Review - Ace Combat: Assault Horizon (PS3)
Arcade Flight Simulators aren’t the most popular genre among the console gamers, these are suited more for the PC and its unique peripheral: The Joystick. Ace Combat Assault Horizon not only goes “Console Only” but also shows that the Flight Simulators can be relevant outside the PC. Is it worth taking off on this game or should you eject it from your console before crashing?
Ace Combat: Assault Horizon (AC:AH) takes place outside the Ace Combat Series (except for Ace Combat: Joint Assault that takes place in the future on the real world) fictionalized world and alternate history. Set on the real world, U.N. military forces form by NATO and Russian forces in Eastern Africa try to stop a rebel group funded by the Russian crime syndicate Blatnoi; Lieutenant Colonel William Bishop, leader of the Warwolf Squadron must battle SRN Mercenaries’ leader, Colonel Andrei Markov and stop him from using a Nuke-like bomb named “Trinity”, to destroy U.S.A and their allies.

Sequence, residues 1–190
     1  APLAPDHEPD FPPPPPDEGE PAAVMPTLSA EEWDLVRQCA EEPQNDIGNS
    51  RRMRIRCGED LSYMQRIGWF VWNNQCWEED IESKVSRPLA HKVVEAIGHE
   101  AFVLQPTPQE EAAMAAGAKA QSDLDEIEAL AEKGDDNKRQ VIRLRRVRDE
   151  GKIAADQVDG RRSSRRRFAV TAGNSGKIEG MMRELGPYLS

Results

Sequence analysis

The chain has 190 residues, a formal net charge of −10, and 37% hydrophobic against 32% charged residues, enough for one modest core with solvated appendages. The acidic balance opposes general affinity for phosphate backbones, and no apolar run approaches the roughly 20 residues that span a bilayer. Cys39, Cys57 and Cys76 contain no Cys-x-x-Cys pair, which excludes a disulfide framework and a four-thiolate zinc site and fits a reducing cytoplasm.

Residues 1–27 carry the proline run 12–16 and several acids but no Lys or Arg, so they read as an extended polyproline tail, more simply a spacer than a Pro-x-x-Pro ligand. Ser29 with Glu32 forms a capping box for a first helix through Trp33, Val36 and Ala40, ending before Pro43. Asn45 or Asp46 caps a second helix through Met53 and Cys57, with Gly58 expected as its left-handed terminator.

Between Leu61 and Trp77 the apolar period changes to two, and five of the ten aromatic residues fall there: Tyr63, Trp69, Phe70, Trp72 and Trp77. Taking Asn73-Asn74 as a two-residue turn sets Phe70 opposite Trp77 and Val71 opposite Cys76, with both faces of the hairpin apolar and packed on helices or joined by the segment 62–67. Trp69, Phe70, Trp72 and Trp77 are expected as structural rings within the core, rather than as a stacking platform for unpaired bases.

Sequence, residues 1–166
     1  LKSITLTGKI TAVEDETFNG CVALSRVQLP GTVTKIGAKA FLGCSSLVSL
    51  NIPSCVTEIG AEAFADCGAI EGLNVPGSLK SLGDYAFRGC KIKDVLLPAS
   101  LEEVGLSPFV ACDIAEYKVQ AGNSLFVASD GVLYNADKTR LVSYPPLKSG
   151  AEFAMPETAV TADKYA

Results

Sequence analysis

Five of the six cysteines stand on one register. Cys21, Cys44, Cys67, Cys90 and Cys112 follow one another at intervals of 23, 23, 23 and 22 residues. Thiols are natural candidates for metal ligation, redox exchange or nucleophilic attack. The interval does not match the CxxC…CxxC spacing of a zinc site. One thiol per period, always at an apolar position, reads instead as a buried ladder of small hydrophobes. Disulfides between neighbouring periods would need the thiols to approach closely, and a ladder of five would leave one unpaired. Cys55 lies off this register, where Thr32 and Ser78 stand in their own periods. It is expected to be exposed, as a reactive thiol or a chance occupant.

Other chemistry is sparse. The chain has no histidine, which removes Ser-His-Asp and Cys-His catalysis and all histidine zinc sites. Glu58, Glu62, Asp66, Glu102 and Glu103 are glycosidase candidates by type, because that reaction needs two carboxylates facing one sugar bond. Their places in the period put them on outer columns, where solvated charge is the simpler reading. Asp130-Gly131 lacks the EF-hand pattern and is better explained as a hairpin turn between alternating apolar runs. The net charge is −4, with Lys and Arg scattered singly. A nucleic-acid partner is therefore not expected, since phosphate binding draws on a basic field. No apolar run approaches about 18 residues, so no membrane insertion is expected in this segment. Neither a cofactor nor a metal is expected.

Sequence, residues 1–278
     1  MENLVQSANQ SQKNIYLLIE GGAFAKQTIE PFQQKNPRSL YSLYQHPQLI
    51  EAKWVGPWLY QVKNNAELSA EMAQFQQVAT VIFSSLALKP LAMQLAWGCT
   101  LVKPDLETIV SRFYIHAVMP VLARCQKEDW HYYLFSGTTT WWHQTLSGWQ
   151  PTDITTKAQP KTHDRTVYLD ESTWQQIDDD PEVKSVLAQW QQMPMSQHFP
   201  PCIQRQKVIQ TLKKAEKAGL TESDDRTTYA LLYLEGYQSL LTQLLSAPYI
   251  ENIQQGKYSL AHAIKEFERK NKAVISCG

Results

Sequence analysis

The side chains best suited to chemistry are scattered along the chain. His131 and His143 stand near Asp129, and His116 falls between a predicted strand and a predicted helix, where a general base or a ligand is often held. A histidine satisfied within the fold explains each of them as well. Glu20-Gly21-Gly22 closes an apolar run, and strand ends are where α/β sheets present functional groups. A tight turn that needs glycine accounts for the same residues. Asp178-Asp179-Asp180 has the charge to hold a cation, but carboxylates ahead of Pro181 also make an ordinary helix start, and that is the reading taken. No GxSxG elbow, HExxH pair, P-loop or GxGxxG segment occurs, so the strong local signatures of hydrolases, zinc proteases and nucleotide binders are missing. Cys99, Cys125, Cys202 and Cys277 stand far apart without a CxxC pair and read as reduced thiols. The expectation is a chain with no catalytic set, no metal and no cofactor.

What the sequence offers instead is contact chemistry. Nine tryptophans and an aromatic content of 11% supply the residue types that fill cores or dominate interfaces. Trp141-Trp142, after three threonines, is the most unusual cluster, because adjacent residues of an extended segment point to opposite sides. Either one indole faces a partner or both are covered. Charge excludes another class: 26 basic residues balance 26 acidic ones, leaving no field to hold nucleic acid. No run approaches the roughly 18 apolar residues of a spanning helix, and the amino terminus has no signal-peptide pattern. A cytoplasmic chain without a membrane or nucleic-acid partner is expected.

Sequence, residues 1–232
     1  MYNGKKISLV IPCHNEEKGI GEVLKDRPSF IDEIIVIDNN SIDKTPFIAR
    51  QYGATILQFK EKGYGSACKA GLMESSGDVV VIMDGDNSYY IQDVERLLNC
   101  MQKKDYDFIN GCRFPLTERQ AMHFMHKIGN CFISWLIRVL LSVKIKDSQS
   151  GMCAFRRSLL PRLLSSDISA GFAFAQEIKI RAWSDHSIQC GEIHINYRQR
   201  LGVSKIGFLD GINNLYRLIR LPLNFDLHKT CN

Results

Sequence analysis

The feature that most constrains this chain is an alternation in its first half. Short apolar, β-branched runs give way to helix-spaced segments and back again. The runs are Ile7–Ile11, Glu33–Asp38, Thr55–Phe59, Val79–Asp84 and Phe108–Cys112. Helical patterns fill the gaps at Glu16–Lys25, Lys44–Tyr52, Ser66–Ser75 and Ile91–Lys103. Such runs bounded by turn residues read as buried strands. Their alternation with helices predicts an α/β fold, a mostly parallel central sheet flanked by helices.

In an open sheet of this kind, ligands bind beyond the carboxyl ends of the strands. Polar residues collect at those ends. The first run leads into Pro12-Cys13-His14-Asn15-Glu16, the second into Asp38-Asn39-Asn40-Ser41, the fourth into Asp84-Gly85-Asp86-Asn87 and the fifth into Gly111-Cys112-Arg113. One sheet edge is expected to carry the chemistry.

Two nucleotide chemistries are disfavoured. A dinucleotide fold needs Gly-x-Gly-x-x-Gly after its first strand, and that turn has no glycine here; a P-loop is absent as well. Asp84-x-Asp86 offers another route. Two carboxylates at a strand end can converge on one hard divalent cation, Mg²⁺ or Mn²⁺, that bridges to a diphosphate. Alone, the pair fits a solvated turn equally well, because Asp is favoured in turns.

Not the most original and ground breaking story in a flying game but it works for the sake of entertainment, it would be awesome to see some different enemy not just the Russians as always on future games, just saying you know?
Ace Combat fans might feel disappointed for not engaging enemies in the skies of the alternate version of Earth and their characters but, AC:AH setting on the real world does a great job establishing for the first time in the series a “present” world war conflict, although being set on the year 2015; pretty close but nothing to nitpick.